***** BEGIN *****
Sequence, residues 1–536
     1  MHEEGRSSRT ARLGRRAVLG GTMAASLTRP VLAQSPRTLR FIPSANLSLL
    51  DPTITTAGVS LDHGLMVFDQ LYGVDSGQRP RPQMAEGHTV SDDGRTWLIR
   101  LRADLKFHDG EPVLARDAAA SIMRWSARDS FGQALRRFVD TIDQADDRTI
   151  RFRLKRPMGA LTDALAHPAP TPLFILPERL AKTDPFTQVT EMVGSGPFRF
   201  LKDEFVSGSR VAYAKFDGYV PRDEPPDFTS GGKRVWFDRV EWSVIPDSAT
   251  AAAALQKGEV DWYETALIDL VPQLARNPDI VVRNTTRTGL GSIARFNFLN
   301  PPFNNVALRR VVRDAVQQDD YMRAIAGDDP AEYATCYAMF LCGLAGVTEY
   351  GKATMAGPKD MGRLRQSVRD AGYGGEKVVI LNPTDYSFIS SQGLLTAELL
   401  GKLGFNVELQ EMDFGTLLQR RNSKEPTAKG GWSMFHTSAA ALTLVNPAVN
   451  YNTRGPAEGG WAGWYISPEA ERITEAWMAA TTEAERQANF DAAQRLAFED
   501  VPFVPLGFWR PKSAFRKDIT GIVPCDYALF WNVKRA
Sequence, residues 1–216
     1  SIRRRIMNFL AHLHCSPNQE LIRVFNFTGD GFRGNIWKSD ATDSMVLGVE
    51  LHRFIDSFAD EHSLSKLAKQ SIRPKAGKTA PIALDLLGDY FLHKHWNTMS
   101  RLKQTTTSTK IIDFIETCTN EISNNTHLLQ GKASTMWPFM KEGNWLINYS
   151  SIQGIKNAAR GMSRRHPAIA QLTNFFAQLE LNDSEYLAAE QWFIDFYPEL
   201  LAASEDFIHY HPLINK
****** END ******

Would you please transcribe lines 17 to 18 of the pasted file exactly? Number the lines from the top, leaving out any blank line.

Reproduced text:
   151  SIQGIKNAAR GMSRRHPAIA QLTNFFAQLE LNDSEYLAAE QWFIDFYPEL
   201  LAASEDFIHY HPLINK